Have you ever gone to buy a car or cell phone, only to learn that it’s way more expensive than advertised? I know I have, and most of the time I just bought it anyway because I was already psychologically set on it. But because the numbers are so big when purchasing a house, even small surprises will end up costing you a ton of money. For example, if you stumble across an unexpected cost for $100 per month, would you really cancel the paperwork for a new home? Of course not. But that minor charge would add up to $36,000 over the life of a thirty-year loan — plus the opportunity cost of investing it.

Remember that the closing costs – including all administrative fees and expenses – are usually between 2 and 5 percent of the house price. So on a $200,000 house, that’s $10,000. Keep in mind that ideally the total price shouldn’t be much more than three times your annual gross income. (It’s okay to stretch a little here if you don’t have any debt.) And don’t forget to factor in insurance, taxes, maintenance, and renovations. If all this sounds a little overwhelming, it’s telling you that you need to research this stuff before buying a house. In this particular case, you should ask your parents and other home owners for their surprise costs.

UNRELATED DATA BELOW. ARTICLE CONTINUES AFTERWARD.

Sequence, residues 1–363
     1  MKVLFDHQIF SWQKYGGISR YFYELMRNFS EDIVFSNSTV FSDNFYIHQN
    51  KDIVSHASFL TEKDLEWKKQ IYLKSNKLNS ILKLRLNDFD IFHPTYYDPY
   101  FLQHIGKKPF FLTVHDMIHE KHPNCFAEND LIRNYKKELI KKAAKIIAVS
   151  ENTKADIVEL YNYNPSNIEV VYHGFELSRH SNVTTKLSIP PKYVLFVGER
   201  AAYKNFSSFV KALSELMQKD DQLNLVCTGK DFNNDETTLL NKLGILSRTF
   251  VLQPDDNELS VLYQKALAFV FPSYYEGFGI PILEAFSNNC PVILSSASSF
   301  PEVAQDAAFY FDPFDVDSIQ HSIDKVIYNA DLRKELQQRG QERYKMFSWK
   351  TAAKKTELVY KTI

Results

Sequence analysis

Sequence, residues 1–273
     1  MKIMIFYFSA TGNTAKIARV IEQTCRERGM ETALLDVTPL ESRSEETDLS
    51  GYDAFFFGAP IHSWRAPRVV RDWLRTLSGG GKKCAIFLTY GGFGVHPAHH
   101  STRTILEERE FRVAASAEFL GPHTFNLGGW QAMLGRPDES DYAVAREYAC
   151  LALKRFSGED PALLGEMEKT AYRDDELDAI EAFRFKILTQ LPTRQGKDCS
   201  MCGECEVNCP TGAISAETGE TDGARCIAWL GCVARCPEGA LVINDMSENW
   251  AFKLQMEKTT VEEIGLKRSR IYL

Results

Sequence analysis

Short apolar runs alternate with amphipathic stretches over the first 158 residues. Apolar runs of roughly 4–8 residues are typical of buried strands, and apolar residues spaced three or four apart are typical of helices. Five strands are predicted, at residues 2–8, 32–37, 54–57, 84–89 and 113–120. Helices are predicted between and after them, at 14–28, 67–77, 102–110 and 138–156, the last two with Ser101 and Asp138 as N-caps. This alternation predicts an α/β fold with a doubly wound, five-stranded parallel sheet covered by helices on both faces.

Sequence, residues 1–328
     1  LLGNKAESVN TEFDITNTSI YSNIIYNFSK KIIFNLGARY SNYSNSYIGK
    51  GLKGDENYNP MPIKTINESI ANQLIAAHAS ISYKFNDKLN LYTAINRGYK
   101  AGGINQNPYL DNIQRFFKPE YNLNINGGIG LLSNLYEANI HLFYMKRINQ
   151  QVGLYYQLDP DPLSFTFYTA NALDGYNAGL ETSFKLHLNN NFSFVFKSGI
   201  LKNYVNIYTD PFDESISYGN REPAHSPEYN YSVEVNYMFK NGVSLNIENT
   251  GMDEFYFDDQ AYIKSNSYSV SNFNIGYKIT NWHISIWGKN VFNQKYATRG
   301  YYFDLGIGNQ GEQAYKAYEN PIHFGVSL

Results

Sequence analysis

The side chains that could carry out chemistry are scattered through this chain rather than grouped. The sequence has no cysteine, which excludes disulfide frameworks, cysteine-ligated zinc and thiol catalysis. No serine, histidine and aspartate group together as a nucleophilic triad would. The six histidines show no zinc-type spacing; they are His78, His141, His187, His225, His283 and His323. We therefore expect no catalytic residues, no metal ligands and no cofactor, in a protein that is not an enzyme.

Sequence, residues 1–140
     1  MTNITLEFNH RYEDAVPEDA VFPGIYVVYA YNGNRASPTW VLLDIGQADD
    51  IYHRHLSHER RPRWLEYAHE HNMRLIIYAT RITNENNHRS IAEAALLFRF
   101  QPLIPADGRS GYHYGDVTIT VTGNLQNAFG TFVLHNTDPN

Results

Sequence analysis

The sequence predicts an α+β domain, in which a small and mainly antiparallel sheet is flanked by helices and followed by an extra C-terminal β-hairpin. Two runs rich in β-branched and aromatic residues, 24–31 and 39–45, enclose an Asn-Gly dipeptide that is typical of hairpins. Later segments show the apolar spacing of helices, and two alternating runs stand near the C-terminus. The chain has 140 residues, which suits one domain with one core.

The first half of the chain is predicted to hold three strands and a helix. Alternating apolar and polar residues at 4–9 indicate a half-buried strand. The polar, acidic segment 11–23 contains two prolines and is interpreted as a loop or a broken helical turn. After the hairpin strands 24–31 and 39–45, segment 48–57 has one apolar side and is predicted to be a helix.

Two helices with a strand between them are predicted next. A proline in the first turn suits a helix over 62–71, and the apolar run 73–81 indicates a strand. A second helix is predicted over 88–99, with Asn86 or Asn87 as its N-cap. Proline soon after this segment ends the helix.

4. Get the most boring, conservative loan possible.

I Like a thirty-year, fixed-rate loan. Yes, you’ll pay more in interest compared with a fifteen-year loan. But thirty-year loans are more flexible because you can ALWAYS pay extra toward your loan and pay it off faster if you want to. But you probably shouldn’t. Consumer Reports simulated what to do with an extra $100 per month, comparing the benefits of prepaying your mortgage versus investing in an index fund that returned 8%. Over a twenty-year period, the fund won 100% of the time. As they said, “…the longer you own your home, the less likely it is that mortgage prepayment will be the better choice.”

5. Don’t forget to check for perks.

The government wants to make it easy for first-time home buyers to purchase a home. Many state and local governments offer benefits to first-time home buyers. Check out HUD’s directory of local homebuying programs in your state. Also, check with your employer, who may also offer special first-time home-buying rates. Ask — it’s worth it. Finally, don’t forget to check with any associations you belong to, including local credit unions and teacher’s associations. You may get access to special lower rates. Hell, even check your Costco membership (they offer special rates for members, too.)

6. Use online services to comparison shop.

You may have heard about Zillow, which is a rich source of data about home prices all over in the United States. Also check out which is disrupting the real estate market by letting home buyers get access to more information — like local tax records — online. You can do your research online and Redfin will send an agent to negotiate for you. They claim an average savings of $14,000. For your homeowner’s insurance, check to comparison shop. And don’t forget to call your auto insurance company and ask them for a discounted rate if you give them your homeowner’s insurance business.

Ramit Sethi is the author of the New York Times best-selling book I Will Teach You To Be Rich and runs a blog of the same name with 300,000 monthly readers. Click for a free chapter from his book.